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China cracks down on ride-hailing giant Didi, accuses firm of leaking data to US

Didi logo

Communist China’s crackdown on Big Tech continues with ride-hailing giant Didi now facing an investigation for allegedly leaking user and roads data to the USA.

Ominously, the investigation comes after Didi raised $4.4 billion from its initial public offering (IPO) in the New York stock exchange. Didi's debut on US stock market on Wednesday was the biggest by a Chinese company since Alibaba Group Holding Ltd in 2014.

The crack down on Jack Ma’s Alibaba group had come just ahead of the company listing its fintech arm on the US stock exchange for what was to be a $ 37 billion IPO last year. However, in the case of Didi, investors in its IPO have been caught by a bolt from the blue with the investigation being announced just two days after the company started trading on the US stock exchange sending the price of newly bought shares tumbling down.

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China's cyberspace agency announced on its website on Friday that it had launched an investigation into Didi to protect national security and the public interest. It also said that ride- ailing company was not allowed to register new users during its investigation, according to a Reuters report from Beijing.

However, Didi denied the charge. "Like many overseas-listed Chinese companies, Didi stores all domestic user data at servers in China, it is absolutely not possible to pass data to the United States,"  Didi vice president Li Min said in a post on Weibo.

Li also said the company would sue any social media users who said the company transferred data during its recent initial public offering (IPO) process after claims were made on China's popular micro blogging platform Weibo.

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Didi, which offers services in China and more than 15 international markets, gathers vast amounts of data every day in the course of running its business.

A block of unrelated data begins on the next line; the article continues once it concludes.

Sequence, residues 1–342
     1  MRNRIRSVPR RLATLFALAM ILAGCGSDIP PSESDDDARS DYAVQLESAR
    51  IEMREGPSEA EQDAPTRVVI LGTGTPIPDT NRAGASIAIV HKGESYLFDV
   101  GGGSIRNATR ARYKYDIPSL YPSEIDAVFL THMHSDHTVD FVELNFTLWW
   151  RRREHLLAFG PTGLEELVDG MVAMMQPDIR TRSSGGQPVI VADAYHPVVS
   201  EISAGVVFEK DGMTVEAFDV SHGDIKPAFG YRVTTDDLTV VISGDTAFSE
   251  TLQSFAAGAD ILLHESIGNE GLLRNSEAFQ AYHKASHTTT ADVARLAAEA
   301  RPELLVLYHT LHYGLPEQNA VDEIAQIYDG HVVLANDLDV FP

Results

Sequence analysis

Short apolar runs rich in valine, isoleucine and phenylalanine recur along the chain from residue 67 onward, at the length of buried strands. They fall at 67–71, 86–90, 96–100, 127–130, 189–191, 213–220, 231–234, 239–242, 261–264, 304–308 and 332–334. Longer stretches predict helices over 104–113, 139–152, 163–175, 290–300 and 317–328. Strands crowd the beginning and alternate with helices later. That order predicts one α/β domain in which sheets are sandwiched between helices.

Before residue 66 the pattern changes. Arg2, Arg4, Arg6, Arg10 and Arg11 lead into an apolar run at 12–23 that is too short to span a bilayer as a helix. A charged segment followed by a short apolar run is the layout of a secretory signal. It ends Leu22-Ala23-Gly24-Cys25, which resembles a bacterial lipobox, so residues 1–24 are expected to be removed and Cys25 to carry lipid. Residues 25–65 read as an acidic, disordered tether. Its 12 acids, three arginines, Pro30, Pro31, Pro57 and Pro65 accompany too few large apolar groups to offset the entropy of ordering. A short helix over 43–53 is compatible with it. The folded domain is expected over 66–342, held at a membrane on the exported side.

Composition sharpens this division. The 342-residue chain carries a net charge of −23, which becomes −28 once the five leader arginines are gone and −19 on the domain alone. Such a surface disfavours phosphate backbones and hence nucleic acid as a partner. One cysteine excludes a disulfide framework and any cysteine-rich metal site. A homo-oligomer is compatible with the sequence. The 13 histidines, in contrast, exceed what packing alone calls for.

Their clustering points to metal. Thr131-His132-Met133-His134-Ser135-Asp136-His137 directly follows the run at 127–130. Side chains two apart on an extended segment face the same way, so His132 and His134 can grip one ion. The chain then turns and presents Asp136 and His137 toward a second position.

Founded by Will Cheng in 2012, the company said on Friday it planned to conduct a comprehensive examination of cybersecurity risks and would cooperate fully with the relevant government authority. In a stock market filing, Didi said that apart from the suspension of new user registrations in China, it was operating normally.

Chinese internet regulators have tightened rules for the country's tech giants in recent years, laying down strict rules for companies to collect, store and handle data.

The Chinese authorities have also been accusing Big Tech companies of anti-competitive behaviour and denying smaller players a level playing field.

Alibaba founder Jack Ma, at one time the poster boy of the new China, had been put in place for publicly criticising top Chinese officials. President Xi Jinping is reported to have given the go-ahead to torpedo the planned record $37 billion public listing of Alibaba’s fintech arm, Ant Group. It was later fined $2.8 billion for breaching anti-monopoly rules.

The Chinese e-commerce giant had fallen in line saying, “It is not lost on us that today’s society has new expectations for platform companies, as we must assume more responsibilities as part of the nation’s economic and social development.”

Similarly, another Chinese magnate Pony Ma, founder of media conglomerate Tencent Holdings, which runs popular messaging app Wechat, was also summoned by the authorities over antitrust compliance issues.